Isaac tried another kick, but the creature was too far away, now. But it still held onto our wing. It still pitched us down and to the right. And we were running out of cloud.
“Shake it off!” Isaac shouted, pointing frantically at the sky. “Up! Up!”
There was no choice. The cliff face loomed in front of us. We were still skimming the cloud below. There was nowhere to go but up.
I cranked up Isaac’s lever and locked it into place. The ornithopter’s nose tipped up. Gravity pulled me back into the chair and I struggled to hold onto the controls and keep us from smacking into the cliff face. Rock that seemed sheer from a distance, looked pitted up close, scarred and full of outcrops that could smash our plane like an insect if I wasn’t careful.
I could only cast quick glances over my shoulder at what Isaac was doing. I saw him clinging to the door frame, his foot planted on the side rather than the bottom, kicking away at the spitting snarling lizard that dangled off the edge of the wing. Another quick glance and I saw that the creature’s hooked claws had snagged on the canvas. But with its free hand and bared teeth, there was no way Isaac was going to get close enough to untangle it and let it fall free.
Then I looked ahead, and my breath caught.
We were running out of shadow.
The cliff face ahead glowed in the sun’s radiance. On the other side of the chasm, the cliff-top glittered as the sun shone through the cap of fused silica.
“Isaac!” I yelled. “We’re going into sunlight!”
“Keep going!” he shouted back.
“Are you crazy?!”
“We’ll cook it off!”
“It, and ourselves!” But then, this was why we wore white, why the ornithopter was painted white and draped in white cloth. The hook-clawed creature was black. It was going to fry.
Grimly, I flipped the sunshades down on my goggles. I could only hope that Isaac had time to reach his. I angled the flyer further from the cliff face. The air glittered, and then we hit the first rays of pure sun.
The cabin glowed brilliant in the blue-white light. The temperature jumped as if poked by a stick. My first breath singed my nostrils, and I let out a gasp of pain. I had to remind myself to slow my breathing down. My skin tingled as if in an electric current.
And off the wing, the lizard screamed. And screamed.
I turned in time to see it catch fire. Its claws were still hooked into the canvas of the wing, but Isaac stepped out onto the wing and aimed one good kick. The blackened thing broke apart in a flurry of ash and flame. It sailed down, bright as a meteor.
“Isaac!” I yelled. His clothes were smoking. The plane was smoking. “Get back in!” I reached for the horizontal controls, shook them, then gave them a kick but they wouldn’t come free. I twisted my controls, trying to turn around, going upside-down if I had to. It wouldn’t happen soon enough. “Isaac!”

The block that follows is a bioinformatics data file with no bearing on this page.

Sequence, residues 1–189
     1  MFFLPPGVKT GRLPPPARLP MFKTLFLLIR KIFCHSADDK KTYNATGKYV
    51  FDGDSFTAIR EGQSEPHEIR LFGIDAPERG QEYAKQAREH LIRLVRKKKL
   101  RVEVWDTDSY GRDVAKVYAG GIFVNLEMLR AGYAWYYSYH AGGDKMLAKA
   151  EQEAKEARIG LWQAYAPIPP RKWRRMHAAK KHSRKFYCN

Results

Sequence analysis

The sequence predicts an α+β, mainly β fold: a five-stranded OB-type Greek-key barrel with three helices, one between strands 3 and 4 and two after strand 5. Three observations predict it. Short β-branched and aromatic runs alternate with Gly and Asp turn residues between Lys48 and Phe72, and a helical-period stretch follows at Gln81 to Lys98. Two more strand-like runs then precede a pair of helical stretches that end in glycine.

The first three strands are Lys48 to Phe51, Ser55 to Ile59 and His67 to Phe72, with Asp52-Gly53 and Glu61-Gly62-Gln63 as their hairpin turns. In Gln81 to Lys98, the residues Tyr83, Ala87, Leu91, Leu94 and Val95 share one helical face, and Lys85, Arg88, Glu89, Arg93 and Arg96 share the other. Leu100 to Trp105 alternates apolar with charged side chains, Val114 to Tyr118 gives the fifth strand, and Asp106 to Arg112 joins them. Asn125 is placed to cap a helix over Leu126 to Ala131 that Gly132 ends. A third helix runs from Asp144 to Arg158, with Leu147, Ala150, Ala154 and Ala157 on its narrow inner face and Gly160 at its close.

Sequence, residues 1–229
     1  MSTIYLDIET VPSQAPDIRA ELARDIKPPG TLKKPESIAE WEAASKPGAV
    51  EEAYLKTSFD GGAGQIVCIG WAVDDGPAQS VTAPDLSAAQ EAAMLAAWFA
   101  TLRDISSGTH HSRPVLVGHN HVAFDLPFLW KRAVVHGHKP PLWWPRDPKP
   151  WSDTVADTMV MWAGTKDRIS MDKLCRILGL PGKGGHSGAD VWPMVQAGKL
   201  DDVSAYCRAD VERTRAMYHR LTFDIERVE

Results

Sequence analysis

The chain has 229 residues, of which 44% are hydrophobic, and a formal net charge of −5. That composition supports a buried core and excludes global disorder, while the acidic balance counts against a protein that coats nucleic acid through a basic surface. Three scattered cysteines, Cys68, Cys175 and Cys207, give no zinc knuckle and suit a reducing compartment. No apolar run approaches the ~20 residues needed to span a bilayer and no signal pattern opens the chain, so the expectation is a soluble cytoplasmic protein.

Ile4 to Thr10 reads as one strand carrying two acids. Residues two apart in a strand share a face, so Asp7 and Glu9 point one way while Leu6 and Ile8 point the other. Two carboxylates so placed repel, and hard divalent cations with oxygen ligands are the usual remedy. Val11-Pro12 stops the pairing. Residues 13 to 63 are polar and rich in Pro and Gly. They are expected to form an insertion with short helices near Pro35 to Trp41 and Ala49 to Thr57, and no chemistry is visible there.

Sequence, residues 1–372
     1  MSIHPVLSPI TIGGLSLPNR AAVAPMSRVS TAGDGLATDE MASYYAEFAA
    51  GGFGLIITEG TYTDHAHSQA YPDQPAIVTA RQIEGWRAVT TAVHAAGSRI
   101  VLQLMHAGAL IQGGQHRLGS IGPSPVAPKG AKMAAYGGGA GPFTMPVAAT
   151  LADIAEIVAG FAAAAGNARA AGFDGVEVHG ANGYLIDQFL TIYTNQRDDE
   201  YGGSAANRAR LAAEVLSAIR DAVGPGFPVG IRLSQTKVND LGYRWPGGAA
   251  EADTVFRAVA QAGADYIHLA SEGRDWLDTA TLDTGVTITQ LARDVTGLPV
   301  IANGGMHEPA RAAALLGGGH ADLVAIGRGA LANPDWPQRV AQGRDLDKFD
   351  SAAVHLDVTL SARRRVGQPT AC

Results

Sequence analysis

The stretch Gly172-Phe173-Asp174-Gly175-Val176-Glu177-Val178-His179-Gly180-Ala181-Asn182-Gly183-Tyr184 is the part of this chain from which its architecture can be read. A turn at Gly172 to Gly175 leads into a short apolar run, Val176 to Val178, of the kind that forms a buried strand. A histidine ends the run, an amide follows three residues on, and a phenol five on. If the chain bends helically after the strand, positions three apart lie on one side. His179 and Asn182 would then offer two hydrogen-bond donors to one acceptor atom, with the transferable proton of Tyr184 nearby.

He struggled to the cab door. He gripped the edge. From here, I could see the skin of his hands blackening. An odour of cooking meat caught my nostrils and made me gag. “Isaac?”
But he stopped, leaning heavily on the door frame. He stared at his hand, distantly. He didn’t look as though he was in pain.
Then the canvas by the door frame caught fire.
Then the wing.
The whole plane was on fire. I scrambled out of my seat
The wing fell apart then, and Isaac fell.
I leapt after him, as the plane collapsed around me. I saw his parachute balloon out behind him, but it too was in flames. Cords snapped, and then he fell, his body alight. He hit shadow like a shooting star.
I looked up nervously. The canvas of my parachute was smoking. I stared until I gasped in pain. The backs of my hands were blistering. I tucked them under my arms and looked down. The veil of shadow was closer, now, but I wasn’t falling quickly enough.
A few weeks ago, I had a dream about a young man who was forced to leave the town he’d grown up in, and fly across the world on his personal kite. Gradually some of the images have reworked themselves and added themselves to others kicking around in my head, to come up with this first scene for what might be my next project. I should be working on rewriting The Night Girl, but with The Dream King’s Daughter resting comfortably, basically done and waiting for progress on other fronts, I’ve decided that it would be good to have this story as a back-up.
I’m indebted to two people for related inspiration here. First, KC Dyer gets credit for coming up with the title Icarus Plummets. It sounds right to me for now, so I’ll keep it and see what comes of it. Secondly, I must thank Cameron Dixon, who just happened to e-mail me about Zoe Keating and her wonderful work combining electronic music with her cello. She’s very Jorane in her way, although without the use of Jorane’s voice, she goes in a subtly different direction, as you can see from this video here:
Zoe Keating has two albums out; we’ve bought them both, and I now have a soundtrack. Erin actually quite likes it too. It’s perfect music to write to, she says.
So, here you have the first scene — basically a first draft, so it will certainly change dramatically as the story develops. I hope you like it.